Ha! Did you know PaxPorf is the original entry in the series? It’s great. The visual design is somewhere between “conspiracy basement” and “elementary school collage,” though.

Oh, I know Pax Porfiriana well! I was there before it was cool! : )

Absolutely. But I have a soft spot for the “noisiness” of the design. It has an appropriately overelaborate and even borderline tacky Latin American/Roman Catholic aesthetic, like a busy altar or gaudy collage on the side of a sunny building in the Southwest. I might be rationalizing, but I feel it fits with the gameplay, given that it will be many years before Cole Wehrle arrives to tidy things up.

What possessed you to revisit it? Or is there some sort of reprint afoot that makes it topical? And how did your game go? Was it a tough sell?

I thought you must have known it!

I like to revisit Porf now and then — like you, I’ve been playing this one since long before Pamir was a twinkle in Wehrle’s eye. In a way, the Pax series is circular. It started with Porf, evolved into Pamir and Ren and Vike, but somehow comes back around to Porf, which is just such a “pure” experience that I find myself drawn to it again and again. I’m usually playing a PBEM session on Yucata, but I don’t tend to log those; this was a rare in-person play.

But you caught me: I am returning to it for a reason. I’ve been wanting to write about how the Pax series is at odds with itself for a long time, and recent events have provided the proper framing, I think, to finally jump into it. The games provide such broad sandboxes that to some degree they’re Rorschach tests. Ren, for example, is the most cosmopolitan game about the Renaissance out there, covering more ground than even these huge titles like Here I Stand. But then you dive into the game’s discursive elements (yeah, the footnotes), and Eklund is under the impression that his games are saying something that’s the polar opposite of what they argue ludically. The big offender is Pax Emancipation, and folks get heated up about the British colonialism essay in Pax Pamir, but I believe the tension actually begins with Porf. Tension is one thing, but this is instructive tension. Now that more designers are shuffling into Eklund’s footsteps, and given some of the aforementioned recent events, it feels like a good time to start some serious research.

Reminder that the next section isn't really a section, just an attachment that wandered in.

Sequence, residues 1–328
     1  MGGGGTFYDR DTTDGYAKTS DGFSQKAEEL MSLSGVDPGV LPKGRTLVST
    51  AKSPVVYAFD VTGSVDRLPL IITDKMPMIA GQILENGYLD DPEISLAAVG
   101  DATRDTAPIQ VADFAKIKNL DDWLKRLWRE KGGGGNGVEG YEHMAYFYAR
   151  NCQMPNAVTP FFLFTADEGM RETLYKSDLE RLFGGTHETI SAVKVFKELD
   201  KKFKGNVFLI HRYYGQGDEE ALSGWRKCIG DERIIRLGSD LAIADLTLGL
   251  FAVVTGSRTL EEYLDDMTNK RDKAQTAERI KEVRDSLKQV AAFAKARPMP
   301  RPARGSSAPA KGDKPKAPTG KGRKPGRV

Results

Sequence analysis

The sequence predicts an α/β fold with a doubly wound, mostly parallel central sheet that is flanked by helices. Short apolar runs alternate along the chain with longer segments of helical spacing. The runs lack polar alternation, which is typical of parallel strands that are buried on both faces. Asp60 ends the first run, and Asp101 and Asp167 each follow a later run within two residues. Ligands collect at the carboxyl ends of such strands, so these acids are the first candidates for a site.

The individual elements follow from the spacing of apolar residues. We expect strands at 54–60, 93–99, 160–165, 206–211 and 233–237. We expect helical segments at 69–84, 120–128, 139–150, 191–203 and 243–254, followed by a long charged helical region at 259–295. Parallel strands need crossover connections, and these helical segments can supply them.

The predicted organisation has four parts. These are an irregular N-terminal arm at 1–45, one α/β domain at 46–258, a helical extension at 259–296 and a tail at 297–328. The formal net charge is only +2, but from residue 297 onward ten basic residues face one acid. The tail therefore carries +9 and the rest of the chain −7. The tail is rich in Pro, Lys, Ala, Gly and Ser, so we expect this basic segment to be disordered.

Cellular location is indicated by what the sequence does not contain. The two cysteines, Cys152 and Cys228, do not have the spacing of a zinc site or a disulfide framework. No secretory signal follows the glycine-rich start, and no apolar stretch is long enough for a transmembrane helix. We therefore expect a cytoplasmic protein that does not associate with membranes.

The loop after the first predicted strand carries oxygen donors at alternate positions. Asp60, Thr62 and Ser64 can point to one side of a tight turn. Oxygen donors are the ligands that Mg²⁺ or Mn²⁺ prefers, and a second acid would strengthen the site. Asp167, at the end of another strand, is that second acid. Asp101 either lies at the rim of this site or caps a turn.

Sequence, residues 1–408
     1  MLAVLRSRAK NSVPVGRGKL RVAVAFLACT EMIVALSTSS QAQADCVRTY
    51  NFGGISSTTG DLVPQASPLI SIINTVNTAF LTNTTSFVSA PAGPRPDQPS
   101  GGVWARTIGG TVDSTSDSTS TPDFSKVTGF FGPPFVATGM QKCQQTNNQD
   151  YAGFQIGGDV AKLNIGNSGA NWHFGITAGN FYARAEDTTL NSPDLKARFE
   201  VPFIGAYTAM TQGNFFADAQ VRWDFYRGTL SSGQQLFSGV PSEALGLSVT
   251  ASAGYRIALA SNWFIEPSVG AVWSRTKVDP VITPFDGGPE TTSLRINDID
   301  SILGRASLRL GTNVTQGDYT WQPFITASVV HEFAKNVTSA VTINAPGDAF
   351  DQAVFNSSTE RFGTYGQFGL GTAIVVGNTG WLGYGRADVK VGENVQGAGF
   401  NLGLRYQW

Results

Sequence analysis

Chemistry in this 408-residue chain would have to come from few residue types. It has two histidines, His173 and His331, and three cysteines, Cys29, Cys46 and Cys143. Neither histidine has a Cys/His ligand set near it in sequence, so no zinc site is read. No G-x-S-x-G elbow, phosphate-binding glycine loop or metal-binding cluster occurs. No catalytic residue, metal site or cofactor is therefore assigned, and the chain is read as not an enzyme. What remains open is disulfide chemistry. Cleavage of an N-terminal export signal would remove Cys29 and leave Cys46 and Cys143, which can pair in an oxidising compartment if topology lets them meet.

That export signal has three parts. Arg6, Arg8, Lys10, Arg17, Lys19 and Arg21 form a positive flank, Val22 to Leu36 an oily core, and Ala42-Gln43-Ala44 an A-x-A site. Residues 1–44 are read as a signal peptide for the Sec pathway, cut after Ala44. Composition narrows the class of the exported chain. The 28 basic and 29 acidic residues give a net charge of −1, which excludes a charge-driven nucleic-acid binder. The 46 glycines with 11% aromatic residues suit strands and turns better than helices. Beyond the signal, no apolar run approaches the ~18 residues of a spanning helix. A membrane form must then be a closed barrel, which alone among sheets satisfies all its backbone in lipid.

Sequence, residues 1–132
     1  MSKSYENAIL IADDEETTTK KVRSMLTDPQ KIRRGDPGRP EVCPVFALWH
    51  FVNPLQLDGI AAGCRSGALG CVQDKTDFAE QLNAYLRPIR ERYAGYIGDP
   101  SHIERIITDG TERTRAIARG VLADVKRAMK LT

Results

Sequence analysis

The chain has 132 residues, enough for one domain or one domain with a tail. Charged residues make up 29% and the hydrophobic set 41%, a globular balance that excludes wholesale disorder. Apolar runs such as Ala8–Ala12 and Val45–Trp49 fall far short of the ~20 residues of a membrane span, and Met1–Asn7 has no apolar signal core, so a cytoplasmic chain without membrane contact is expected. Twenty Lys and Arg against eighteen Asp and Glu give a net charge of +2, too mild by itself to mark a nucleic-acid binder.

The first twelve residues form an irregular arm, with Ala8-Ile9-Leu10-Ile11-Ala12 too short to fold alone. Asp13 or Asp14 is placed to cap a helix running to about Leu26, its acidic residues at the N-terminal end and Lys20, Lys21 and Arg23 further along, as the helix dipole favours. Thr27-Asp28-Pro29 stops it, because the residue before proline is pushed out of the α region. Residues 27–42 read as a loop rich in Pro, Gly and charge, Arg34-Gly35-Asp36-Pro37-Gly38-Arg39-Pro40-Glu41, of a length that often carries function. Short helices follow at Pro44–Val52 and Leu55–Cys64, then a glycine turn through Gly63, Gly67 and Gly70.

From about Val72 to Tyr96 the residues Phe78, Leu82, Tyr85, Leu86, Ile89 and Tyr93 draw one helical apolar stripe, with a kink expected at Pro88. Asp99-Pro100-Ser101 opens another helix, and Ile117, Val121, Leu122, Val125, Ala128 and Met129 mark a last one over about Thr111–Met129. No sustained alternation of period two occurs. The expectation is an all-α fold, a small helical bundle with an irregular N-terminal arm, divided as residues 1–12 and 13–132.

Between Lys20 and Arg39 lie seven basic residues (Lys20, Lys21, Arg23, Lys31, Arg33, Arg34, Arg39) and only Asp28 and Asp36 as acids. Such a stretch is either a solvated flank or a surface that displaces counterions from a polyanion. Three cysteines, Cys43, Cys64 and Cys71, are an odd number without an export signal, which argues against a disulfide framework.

And by “serious research,” I mean “playing more Pax Porfiriana.” This is way better than grad school!

Reading Phil Eklund’s footnotes is a good way to make sure you never want to play another Phil Eklund game. Dude is still mad the U.S. agreed not to unilaterally claim ownership of the Moon.

Well put.

I’ve been flinging myself ferociously at The First Jihad for over a month now, which I know you’ve written about, along with (all of?) R. Ben Madison’s other designs. I might have convinced myself it’s the most sophisticated use of the states of siege engine yet, pushing the limits of its simplicity to absurd lengths to model the rise of Islam as an uncontrollable explosion out of Arabia. The premise and the perspective are a bit goofy to me: as you know, you play the various empires that fell to the rapid expansion of Islam’s first two caliphates, trying to hold out as long as you can, like something from a zombie movie.

But the historical detail – so much detail! – is just so lovely and obscure/exotic and informative, with the caveat that the designer is quite possibly a raging bigot, and he takes every opportunity to pour his snide asides into your ear when you’re just trying to look up something in the rules, which are peppered with ill advised commentary about the moral depravity and failings of Islam (his commentary in The Mission, his game about Christianity, is even worse). It’s similar to Eklund’s inability to read a room, but whereas Eklund strikes me as a clumsy and ultimately harmless academic, I get the sense that the designer of First Jihad is channeling some deep-seated Islamophobic anxiety. He’s the talk radio version of Eklund’s footnotes, amplified and overbearing.